Newsletter / Issue 34, August 2017

Members of One Another

It’s Me Against the World

By Nathan Lenz

Lonely at Church

I have long aspired to be a superhero. I have dedicated much more time than I would like to admit to brainstorming about the ideal superpower and how I would use that power if it were at my disposal. I long to be a one-man-army, capable of dispatching innumerable foes with little more than a swipe of my hand.

I think the same is true for many men. Maybe all of us don’t daydream about superpowers, like I do, but many of us set out to try and conquer life on our own. Dominating our temporal existence with all of the power and might of a real life superman. As a therapist, I see it constantly. We stifle our emotions, alienate our children, friends, and spouses in an attempt to be everything we need.

The unfortunate reality is that we were not designed this way. As I have been reading through some of Paul’s letters recently, I have noticed the distinct theme of community that, for some reason, I never noticed before. For example, In Philippians, Paul tells us to “work out your salvation with fear and trembling” (Phil. 2.12b NASB). This has long been a verse I have interpreted as a personal verse, with a personal vision. But as I look at the greater context of Philippians, I find that all of Paul’s exhortations carry with them the focus of community. The Philippian believers were to work these things out for the good of other believers, for Paul, and for those who did not yet know Christ. Paul’s focus was always on the corporate church, rarely the individual, unless some individual conflict or person had a significant impact on the whole.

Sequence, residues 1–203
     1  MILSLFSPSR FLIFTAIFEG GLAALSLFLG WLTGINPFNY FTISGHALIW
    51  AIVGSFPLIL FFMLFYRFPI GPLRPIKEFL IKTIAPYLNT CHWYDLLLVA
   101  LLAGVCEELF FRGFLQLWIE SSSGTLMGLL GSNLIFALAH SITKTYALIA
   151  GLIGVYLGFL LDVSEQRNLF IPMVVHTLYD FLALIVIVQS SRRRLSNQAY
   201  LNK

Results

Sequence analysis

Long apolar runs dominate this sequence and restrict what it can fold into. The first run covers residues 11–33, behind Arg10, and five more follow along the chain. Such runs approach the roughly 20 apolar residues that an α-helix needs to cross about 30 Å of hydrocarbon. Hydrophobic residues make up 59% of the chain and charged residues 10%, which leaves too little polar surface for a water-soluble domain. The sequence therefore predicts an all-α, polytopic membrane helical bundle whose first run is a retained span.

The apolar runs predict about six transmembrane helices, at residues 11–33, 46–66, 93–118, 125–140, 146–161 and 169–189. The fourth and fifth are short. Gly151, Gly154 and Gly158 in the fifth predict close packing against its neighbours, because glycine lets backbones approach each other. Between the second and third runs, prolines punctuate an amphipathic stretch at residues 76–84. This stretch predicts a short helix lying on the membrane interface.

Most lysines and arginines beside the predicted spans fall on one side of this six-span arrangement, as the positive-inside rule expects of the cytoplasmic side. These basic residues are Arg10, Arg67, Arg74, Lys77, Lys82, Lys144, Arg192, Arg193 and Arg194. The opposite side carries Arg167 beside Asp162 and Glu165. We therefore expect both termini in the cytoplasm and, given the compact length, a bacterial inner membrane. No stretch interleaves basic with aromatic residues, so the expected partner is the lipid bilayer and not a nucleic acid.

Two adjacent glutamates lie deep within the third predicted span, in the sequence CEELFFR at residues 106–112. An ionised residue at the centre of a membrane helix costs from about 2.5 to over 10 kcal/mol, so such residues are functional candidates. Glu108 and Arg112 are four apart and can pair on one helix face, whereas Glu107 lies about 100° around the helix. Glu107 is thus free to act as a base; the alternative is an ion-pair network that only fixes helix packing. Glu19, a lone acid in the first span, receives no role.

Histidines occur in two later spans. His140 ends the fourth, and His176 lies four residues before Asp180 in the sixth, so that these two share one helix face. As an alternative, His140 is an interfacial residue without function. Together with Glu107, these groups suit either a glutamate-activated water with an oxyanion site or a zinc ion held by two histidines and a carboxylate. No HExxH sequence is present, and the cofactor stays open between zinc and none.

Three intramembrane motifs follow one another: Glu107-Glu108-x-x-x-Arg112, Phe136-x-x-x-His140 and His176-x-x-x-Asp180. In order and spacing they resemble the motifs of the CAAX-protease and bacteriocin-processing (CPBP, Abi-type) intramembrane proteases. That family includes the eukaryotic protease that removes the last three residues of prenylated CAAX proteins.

Even Paul himself viewed his very existence as being focused on the good and needs of the whole. Again, in Philippians Paul says about his life or death, “But if I am to live on in the flesh, this will mean a fruitful labor for me; and I do not know which to choose [life and ministry or death and unification with Jesus].” Paul does not view any part of life as a personal endeavor, but rather as individual actions that are inextricably linked with the life and well being of others.

The problem is, men are lonely and even the secular world is noticing the trends. An article on the Good Men Project states that loneliness in men is every bit as damaging as smoking. It goes on to state, “People who are alone have no friends with which to form a supportive community. Community ceases to exist without human beings who engage those around them.” What a far cry we are from the believers in the early church that “were together and had all things in common…day by day continuing with one mind in the temple, and breaking bread from house to house, they were taking their meals together with gladness and sincerity of heart” (Acts 2.44 and 46, NASB).